We need less government interventions and distortions in the energy sector. It is among the important prerequisites for the Philippines to grow faster and create more jobs and businesses to the people.

Bienvenido S. Oplas, Jr. is the head of Minimal Government Thinkers, a Fellow of the South East Asia Network for Development (SEANET), and a member of the Economic Freedom Network (EFN) Asia. All three entities support the philosophy of classical liberalism in politics and economics.

Electricity rates in the ASEAN, with and without subsidy

* This is my article in BusinessWorld Weekender last August 28, 2015.

1THIS is a continuation of an earlier discussion, “The Philippine electricity market: Monopoly and competition” (Weekender, August 14).

As noted in that article, Carlos Jericho L. Petilla had issued, before he resigned as energy secretary last June, DoE Circular No. DC2015-06-0008, “Mandating All Distribution Utilities to Undergo Competitive Selection Process (CSP) in Securing Power Supply Agreements (PSA).” That order aims to address, among other things, the suspicion of “sweetheart deals” between some big electric cooperatives (ECs) and distribution utilities (DUs), on the one hand, and the generating companies (gencos), on the other, resulting in expensive electricity prices in the Philippines.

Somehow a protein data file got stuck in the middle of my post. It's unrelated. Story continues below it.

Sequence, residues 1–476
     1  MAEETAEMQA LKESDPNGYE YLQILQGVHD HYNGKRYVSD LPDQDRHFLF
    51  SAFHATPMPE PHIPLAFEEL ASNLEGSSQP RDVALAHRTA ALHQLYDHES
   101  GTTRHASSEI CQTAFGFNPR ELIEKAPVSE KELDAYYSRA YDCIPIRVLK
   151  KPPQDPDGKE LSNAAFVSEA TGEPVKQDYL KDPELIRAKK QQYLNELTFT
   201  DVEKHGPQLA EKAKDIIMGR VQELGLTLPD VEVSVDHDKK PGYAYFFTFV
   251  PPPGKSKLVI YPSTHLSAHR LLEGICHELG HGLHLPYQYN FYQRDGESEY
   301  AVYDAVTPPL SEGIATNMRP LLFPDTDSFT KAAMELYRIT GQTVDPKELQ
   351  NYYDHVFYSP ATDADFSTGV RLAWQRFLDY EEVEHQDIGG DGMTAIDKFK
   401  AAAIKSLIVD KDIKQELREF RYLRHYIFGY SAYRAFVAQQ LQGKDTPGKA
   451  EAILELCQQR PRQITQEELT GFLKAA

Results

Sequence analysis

Here is another data, a bit old, from a 2013 commissioned study by the US Agency for International Development (USAID). The first set shows the actual prices including taxes (in Philippines and Singapore) and subsidies (Thailand, Malaysia, and Indonesia), and the second set, adjusted prices if taxes and subsidies were minimized, next to zero.

The USAID report explained why the adjustment was done: “Several factors may explain these wide differences. One is tax: effectively 9% in the Philippines, as opposed to 6% in Malaysia and 7% in Singapore and Thailand, albeit 10% in Indonesia. But the bigger contributor to the price differences is the implicit subsidies to state-owned utilities. The International Energy Agency (IEA) estimated that the electricity subsidies in 2011 in Indonesia, Malaysia, and Thailand were at least 5.56, 0.94, and 5.67 billion US dollars, respectively….”

Thus, most if not all comparative electricity prices are based on artificial pricing. People blame gencos or the big DUs but not governments which intervene a lot in electricity pricing, resulting in either very high or very low prices.

The DOE Circular was the subject of discussion in a forum organized by the Energy Policy Development Program (EPDP) early this month. There were six speakers, led by OIC-Secretary Zenaida Y. Monsada of the Department of Energy (DoE), Director Mylene Capongcol also of the DoE, UP School of Economics professors Raul Fabella and Ruperto Alonzo, UP College of Engineering professor Rowaldo del Mundo, and Romeo Bernardo of LBT Consulting.

3Mr. del Mundo is the lead technical adviser to the Central Luzon Electric Cooperatives Association-First Luzon Aggregation Group (CLECAFLAG) under the USAID COMPETE project. Twelve ECs in Central Luzon aggregated their total power demand of 300 MW, auctioned it off, and contracted for 20 years the winning supplier, won by GN Power (with expanded capacity of 1,200 MW in Bataan). In his presentation, Mr. del Mundo showed this table of comparative electricity prices in the ASEAN.